Point // Counterpoint • The Return of Kanye West's 'G.O.O.D. Fridays'
In 2010, Kanye West first delivered us G.O.O.D. Fridays: a series of weekly releases leading up to his fifth studio album My Beautiful Dark Twisted Fantasy. By its conclusion, it amassed fifteen songs over the course of four months, featuring some of the biggest names in hip hop. For those of us who came up through our late teenage years with the release schedule; it held a lot of nostalgia.
With his new album Swish scheduled for February 11, the beloved series returns with a much shorter timeline. With its original run holding such a special place in our hearts, our staff is divided whether its resurrection is warranted. The topic sparked a new series of its own which we’re crowning Point // Counterpoint. Here, two members of our staff will take a stance on opposite sides of the issue and argue their point. In the case of G.O.O.D. Fridays, TheseDays’ Jake Krez and Eric Montanez face off accordingly.
Point: It's a bad thing, it feels hollow - Jake Krez
Just over a week ago, Kim Kardashian took to her Twitter account to make an announcement that Kanye West would be releasing new music. Serving as a further reminder that West is, in fact, married to the reality television star, the "surprise" revelation seemed to fall flat compared to the kind of hysteria that the artist's 'G.O.O.D. Friday' releases brought forth leading up to My Beautiful Dark Twisted Fantasy. The message from Kardashian wasn't aimed at the music lovers that grew up with 'Ye, rather at the masses, the pop culture fiends waiting for the next gossip column. While we'll always welcome new Kanye, one has to ask: has he finally begun to jump the shark?
The difference between Kanye's position in the world and the music industry has changed markedly since 2010. Most notably, he has emerged as a true style icon with his derelict campaign and influential slippers. Also, G.O.O.D. Music is far from the brand it once was, perhaps prompting the drop of the name altogether this time around. The first time, I remember hanging around my dorm room with my roommate before we went out that night to be the first with it on our shared iTunes libraries. This time around, things seem somehow more confused, less organized, and decidedly scattered. "Real Friends" and "No More Parties" snippet with Kendrick Lamar dropped via shaky ZipShare/Audiomack links and were replaced several times while West grumbled on Twitter. Despite a vastly improved infrastructure for distributing music, one that is for all purposes at his fingertips, the drop seemed to be botched. Unthinkable in the seamless lead up to MBDTF.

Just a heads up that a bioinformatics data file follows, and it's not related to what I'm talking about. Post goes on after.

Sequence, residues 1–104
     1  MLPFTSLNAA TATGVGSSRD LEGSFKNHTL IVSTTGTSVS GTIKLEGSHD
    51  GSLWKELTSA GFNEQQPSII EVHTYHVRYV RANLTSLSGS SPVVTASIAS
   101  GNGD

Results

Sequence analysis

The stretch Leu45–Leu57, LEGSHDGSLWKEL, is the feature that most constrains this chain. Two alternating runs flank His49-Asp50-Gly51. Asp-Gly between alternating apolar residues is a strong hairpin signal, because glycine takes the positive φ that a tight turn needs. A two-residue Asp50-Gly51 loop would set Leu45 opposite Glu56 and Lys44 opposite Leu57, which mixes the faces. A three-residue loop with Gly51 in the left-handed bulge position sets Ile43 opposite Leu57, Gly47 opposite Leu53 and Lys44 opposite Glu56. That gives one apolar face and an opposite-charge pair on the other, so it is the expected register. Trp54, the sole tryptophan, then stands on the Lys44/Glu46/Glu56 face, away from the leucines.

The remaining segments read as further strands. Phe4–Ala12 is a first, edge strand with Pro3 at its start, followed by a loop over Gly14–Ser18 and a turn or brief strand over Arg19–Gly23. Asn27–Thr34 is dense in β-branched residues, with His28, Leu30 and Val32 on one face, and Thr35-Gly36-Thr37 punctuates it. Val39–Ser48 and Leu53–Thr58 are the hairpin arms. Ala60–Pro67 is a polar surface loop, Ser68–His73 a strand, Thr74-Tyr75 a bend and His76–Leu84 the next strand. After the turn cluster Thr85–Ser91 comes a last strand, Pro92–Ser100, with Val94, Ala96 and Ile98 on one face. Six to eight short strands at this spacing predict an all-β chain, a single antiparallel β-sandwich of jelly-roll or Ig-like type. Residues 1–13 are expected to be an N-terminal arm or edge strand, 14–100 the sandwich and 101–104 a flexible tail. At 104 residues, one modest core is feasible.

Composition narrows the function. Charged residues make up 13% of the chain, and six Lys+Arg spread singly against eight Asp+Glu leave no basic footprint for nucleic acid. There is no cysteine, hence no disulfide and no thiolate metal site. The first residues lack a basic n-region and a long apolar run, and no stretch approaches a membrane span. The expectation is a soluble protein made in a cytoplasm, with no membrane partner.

But it was only the first one, we can understand setbacks on putting something into motion.
Then this week happened. In a series of tweets, Kim Kardashian once again acted as the Yeezy spokesperson to let fans know that he was working on verses to his next hit on a plane to Europe and would miss the release date. While I get that this might not be a big deal for most, it is absolutely striking as someone who grew up idolizing the unfettered ambition and perfection of a guy like Kanye. To miss the second Friday completely? To have Kim break the news? To not even address the situation directly at all? I don't know, but I appreciated 'Ye much more when he was a musician first and an icon second, it appears he may have finally slid to the other side of his giant stage mountain, content to create crowd-sourced singles pimped by his reality-star wife.
At this point, the songs are great. "Real Friends" and "No More Parties in LA" are really good from most perspectives. However, the aesthetic that Kanye used to wear like a coat, the feeling his music and the power it held used to wield when it dropped has been diluted. Like Paris Hilton's run at the early side of the 2000s that gave birth to the monstrosity that is the Kardashians, Hollywood seems to have sucked a lot of the flair and interest out of one of the industry's biggest stars. SWISH will definitely be a great album, but it also might be the first crack in the armor for West as he enters a new chapter of his career.